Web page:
Janet Bellefleur, left, and her daughter, Nykesha Gregoire. Bellefleur testified Wednesday at the Inquiry Respecting the Treatment, Experiences and Outcomes of Innu in the Child Protection System in Sheshatshiu about the importance of keeping Innu children in their home community. (Heidi Atter/CBC)
When Innu children age out of the foster care system, they sometimes have to rejoin a community, culture and language they've become estranged from — it can be a harmful and traumatic experience, one Janet Bellefleur says she works hard to mitigate.
Bellefleur, the executive director of Shushepeshipan Ishpitentamun Mitshuap, an Innu-led child and youth care organization, testified Wednesday at the Inquiry Respecting the Treatment, Experiences and Outcomes of Innu in the Child Protection System in Sheshatshiu.
She says the organization provides housing and supports to children who are not able to find foster care or long-term homes. They have one group home and two emergency placement homes, one of which is temporarily closed due to human resources issues.
The homes are important, she says, as too many Innu youths have been placed outside their home communities, ripped from their families and their roots. The youths grow up not knowing who they are, creating generations that are disconnected from their Innu identity.
"They're just walking around without any real purpose, and then they're having children and their children are ending up in care," Bellefleur told the inquiry. "So it's a vicious cycle over and over again."
Dreams for a better future
About 150 kids from Sheshatshiu are in care both in and out of the community. Three of them have been brought back to Sheshatshiu from placements outside of the community.
Bellefleur says all three homes run by Shushepeshipan Ishpitentamun Mitshuap can accommodate a maximum of 18 children and youths in total. While children are only supposed to stay in emergency placement homes for 90 days, she said, many children stay far longer because there aren't enough foster homes in the community.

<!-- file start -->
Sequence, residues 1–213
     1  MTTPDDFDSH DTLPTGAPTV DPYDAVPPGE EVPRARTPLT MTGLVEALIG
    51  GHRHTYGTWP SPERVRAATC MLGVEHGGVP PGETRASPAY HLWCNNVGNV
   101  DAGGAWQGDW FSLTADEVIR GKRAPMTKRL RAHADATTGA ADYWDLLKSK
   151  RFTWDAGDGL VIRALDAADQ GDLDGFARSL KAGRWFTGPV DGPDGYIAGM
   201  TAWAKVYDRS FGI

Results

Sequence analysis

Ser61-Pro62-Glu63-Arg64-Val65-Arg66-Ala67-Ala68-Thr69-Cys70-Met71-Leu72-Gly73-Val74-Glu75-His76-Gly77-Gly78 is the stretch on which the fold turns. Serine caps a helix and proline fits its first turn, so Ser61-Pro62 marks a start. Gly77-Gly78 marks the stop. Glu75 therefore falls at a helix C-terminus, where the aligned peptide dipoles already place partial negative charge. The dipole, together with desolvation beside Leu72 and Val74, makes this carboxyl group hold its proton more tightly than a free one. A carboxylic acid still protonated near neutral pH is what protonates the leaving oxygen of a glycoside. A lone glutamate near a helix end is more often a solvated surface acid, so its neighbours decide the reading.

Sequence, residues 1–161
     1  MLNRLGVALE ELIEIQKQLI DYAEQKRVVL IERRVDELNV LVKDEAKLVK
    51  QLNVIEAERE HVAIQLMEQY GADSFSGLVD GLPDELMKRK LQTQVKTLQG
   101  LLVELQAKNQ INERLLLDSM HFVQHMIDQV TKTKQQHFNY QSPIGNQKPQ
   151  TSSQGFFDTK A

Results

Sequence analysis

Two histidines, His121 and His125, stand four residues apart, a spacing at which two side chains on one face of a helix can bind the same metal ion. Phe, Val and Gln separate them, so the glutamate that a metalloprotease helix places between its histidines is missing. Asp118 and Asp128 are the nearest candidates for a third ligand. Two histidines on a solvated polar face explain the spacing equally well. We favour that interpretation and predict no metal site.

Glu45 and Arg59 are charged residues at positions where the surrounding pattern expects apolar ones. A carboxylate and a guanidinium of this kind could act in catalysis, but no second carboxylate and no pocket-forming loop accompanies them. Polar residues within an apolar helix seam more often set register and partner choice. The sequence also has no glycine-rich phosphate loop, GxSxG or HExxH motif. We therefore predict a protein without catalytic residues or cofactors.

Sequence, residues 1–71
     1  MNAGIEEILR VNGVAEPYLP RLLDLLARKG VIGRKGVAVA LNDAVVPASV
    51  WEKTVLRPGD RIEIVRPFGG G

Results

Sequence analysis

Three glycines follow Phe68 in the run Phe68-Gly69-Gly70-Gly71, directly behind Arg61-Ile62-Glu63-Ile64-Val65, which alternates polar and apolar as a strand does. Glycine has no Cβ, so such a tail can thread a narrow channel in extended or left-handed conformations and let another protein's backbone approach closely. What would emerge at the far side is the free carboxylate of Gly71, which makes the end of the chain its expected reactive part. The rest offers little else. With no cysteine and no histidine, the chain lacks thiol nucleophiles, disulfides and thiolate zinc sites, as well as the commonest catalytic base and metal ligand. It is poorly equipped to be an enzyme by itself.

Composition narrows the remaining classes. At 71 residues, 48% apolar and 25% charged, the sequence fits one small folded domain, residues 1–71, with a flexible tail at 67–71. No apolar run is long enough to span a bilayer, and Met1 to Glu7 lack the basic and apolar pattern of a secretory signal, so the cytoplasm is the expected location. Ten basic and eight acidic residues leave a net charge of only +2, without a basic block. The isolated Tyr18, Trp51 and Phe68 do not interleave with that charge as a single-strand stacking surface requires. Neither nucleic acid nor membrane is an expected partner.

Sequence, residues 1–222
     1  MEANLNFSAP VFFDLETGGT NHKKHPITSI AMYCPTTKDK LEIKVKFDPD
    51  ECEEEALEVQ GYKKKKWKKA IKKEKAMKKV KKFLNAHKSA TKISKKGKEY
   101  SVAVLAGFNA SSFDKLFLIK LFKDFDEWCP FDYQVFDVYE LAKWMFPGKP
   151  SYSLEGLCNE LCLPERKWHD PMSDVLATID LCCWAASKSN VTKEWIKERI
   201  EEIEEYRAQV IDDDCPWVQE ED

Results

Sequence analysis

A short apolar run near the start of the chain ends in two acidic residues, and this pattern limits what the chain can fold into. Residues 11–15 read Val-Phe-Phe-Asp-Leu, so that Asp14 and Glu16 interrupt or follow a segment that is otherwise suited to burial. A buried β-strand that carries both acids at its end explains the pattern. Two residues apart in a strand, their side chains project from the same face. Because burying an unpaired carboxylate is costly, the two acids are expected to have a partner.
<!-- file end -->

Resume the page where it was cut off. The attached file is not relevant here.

Bellefleur says Shushepeshipan Ishpitentamun Mitshuap, which plans to reopen its second emergency placement home in April, is using the closure as an opportunity to train its staff on a variety of skills, including how to work with children with autism or ADHD.
Bellefleur says her goal is to ensure all Innu kids are healthy, loved and connected to their roots. (Heidi Atter/CBC)
She says she hopes to implement a post-majority program for young adults who have aged out of the care system, providing them with a variety of housing, food, babysitting and educational supports.
The main goal, says Bellefleur, is to ensure children don't have to be apprehended and put into the care system in the first place.
Implementing a family engagement program, providing support to parents in their homes before children are apprehended, may be one part of the solution, she says.
Bellefleur says the ultimate goal is to ensure kids are healthy, loved and connected to their roots.
"We're still a very young organization, but I have a lot of hope, 'cause I'm sitting here right now in an inquiry that we've been waiting for to happen for so long," she said.
"So I'm hopeful, and I'm positive that things are slowly going to change and that we will be able to bring more of those children home."
Formal hearings in Sheshatshiu are scheduled to continue Friday. The inquiry's final report is due Sept. 30.